The number one thing I love about this camera is the Quick Load function. Often with older cameras it takes a bit of fiddling to get the film loaded up, some cameras are easier than others, and then there’s the Canon Quick Load. It seriously makes it easy like my Nikon F5, lay down the film, close the door, advance fire, advance, fire and you’re ready to rock and roll. Everything else is fairly well laid out and in a normal place. A power switch to save on battery power, a short throw on the film advance and a pleasing weight in hand. And finally, it’s a match needle metering system very similar to my first SLR, the Minolta SRT-102, put the hole over the needle, nice and easy!

CCR Review 59 - Canon FTb

CCR Review 59 - Canon FTb

The Bad
By this point, reader, you will probably realize that there are some cameras that I try hard to find a fault in, and I normally will go for something petty, well the FTb is one such camera. And that fault is, of course, the battery. The camera does need a mercury cell to work, a power source that isn’t exactly easy to find these days. Now there are some alternatives such as an adapter to step down the power out of a current battery or an air-zinc battery. Then again as the FTb is a mechanical camera all the battery powers is the internal meter, so it isn’t that big of a deal.

CCR Review 59 - Canon FTb

The Lowdown
If you don’t want to spend a fortune to get a solid learner camera, then the FTb is certainly for you. With or without a working meter you get the most bang for your buck, and both the camera bodies and lenses are plentiful online and in reputable used camera shops. If I didn’t already have an extensive selection of Nikon cameras and lenses, an FTb would certainly be a welcome addition to my camera bag. So if you don’t like the idea of grabbing a cliche K1000 or FM, then give the FTb another look, it won’t let you down.

All Photos Taken in Guelph, Ontario
Canon FTb – Canon Lens FD 50mm 1:1.8 – ORWO UN54 – Kodak HC-110 Dil. A 7:30 @ 20C

Expired Film Day – 2017

Two Stops Over and Straight On ‘Til Morning.

Expired Film Day 2017

Ah yes, the mantra of Expired Film Day. EFD is the brainchild of fellow film photographer Daniel J. Schneider. The day is a celebration of shooting and enjoying the wacky results you get from shooting expired film. I tend to shy away from colour films mostly because of having to send them away for processing. So this year I had a pile of the mid-1990s expired TMax 100 floating around to shoot. Most Kodak B&W films are fairly stable, and you could shoot them at box speed if you wanted and get good results. I know because I’ve been using the film to try out cameras for the Classic Camera Revival Review blogs.

Expired Film Day 2017

Expired Film Day 2017

To make matters a little more interesting, we recently got hit with a big winter storm which turned our near Spring area into a winter wonderland, and a cold snap forced me to make some different choices when it came to going out and shooting. Ditching the idea of taking out any camera or meter with a battery because I figured it would be at least an hour to walk and shoot in the awful weather I settled on an old war standby. The Contax IIIa and mounting a 1942 era Carl Zeiss Jena Tessar 50mm lens, as for a meter it was the Gossen Pilot.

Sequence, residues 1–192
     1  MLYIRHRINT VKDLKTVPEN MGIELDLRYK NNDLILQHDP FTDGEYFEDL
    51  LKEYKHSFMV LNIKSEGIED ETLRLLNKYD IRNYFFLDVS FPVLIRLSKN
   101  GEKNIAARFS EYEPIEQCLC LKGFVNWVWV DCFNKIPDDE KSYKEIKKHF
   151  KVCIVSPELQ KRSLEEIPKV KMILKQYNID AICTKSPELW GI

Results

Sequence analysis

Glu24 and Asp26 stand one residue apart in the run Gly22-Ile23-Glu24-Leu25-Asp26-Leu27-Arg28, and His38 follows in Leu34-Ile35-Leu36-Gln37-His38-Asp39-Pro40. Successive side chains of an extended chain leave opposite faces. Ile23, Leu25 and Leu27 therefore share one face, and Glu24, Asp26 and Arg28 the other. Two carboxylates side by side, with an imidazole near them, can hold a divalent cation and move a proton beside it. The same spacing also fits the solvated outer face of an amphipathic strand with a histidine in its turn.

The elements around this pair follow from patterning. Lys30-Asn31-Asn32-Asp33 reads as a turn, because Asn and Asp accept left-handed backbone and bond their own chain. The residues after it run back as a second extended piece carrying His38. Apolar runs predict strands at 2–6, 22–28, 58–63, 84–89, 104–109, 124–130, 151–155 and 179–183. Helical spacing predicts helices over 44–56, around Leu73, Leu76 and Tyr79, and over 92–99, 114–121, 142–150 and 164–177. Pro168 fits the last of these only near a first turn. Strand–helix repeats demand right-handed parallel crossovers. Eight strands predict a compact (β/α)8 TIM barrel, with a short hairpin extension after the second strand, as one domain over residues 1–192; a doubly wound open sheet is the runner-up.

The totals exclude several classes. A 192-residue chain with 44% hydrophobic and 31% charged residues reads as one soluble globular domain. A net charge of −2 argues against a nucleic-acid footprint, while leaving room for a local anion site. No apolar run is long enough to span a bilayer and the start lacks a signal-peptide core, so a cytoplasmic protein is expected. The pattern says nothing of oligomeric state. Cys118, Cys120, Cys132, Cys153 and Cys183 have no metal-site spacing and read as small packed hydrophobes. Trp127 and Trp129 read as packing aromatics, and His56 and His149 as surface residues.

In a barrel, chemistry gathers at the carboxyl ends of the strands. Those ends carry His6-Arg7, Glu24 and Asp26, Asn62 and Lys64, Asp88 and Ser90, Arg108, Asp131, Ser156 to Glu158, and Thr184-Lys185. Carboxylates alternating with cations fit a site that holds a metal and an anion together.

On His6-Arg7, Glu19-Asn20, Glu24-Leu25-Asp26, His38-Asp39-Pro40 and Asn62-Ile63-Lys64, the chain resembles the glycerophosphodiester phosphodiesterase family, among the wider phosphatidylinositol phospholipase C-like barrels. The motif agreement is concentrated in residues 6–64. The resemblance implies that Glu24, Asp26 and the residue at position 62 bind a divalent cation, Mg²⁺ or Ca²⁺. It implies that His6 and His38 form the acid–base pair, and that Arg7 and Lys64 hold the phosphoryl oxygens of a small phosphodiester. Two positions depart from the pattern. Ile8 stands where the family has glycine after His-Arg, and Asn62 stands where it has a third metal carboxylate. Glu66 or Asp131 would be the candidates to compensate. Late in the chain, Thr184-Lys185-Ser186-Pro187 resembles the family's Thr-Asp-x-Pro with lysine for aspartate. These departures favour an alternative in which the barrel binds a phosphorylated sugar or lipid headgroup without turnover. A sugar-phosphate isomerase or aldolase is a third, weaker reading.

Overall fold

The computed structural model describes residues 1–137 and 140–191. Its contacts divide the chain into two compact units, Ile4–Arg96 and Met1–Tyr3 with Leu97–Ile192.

Expired Film Day 2017

Expired Film Day 2017

There was a plus to all this, the overcast sky and bright sun behind the clouds made the light bright but even making metering fairly consistent no matter what I was shooting. As for the subject, I decided to take to my old stomping grounds, the campus of my former High School. This was where I started with serious photography, often taking time between classes to figure out my newest camera. I was pretty frozen by the time I made it back, but the camera had survived. The older lens gave everything a bit of a hazy look about it which only added to the strangeness of EFD. Maybe next year I’ll plan it out better to have a batch of colour negative waiting for developing and then shoot some expired slide film and Xpro it!

Expired Film Day 2017

Expired Film Day 2017

Contax IIIa – Carl Zeiss Jena Tessar 1:3,5 f=5cm – Kodak TMax 100 @ ASA-64 (TMX)
SPUR HRX (1+17) 11:30 @ 20C
Meter: Gossen Pilot
Scanner: Epson V700
Editor: Adobe Photoshop CC (2017)

CCR Review 58 – Graflex Pacemaker Crown Graphic

At the very beginning of these review blogs I had laid out some rules, and now I’m going to break one of them and review a large format, sheet film camera. The Crown Graphic is my 4×5 camera of choice these days; it’s reliable camera that can take a hit and keep on taking photos. I mean that is what it’s designed to do, it’s a press camera. And when it comes to large format, I’m glad that my first experiences with the format were on a press camera rather than a field or monorail because I don’t think I would have taken to the format in the same way.

CCR Review 58 - Graflex Pacemaker Crown Graphic

The Dirt

  • Make: Graflex
  • Model: Pacemaker Crown Graphic
  • Type: Press Camera, View/Rangefinder
  • Format: Multiple, Graflok Back (Roll film, or Sheet Film)
  • Len: Interchangeable, Crown Graphic Lens Boards
  • Year of Manufacture: 1955-1973 (This Model, 1968)

CCR Review 58 - Graflex Pacemaker Crown Graphic

CCR Review 58 - Graflex Pacemaker Crown Graphic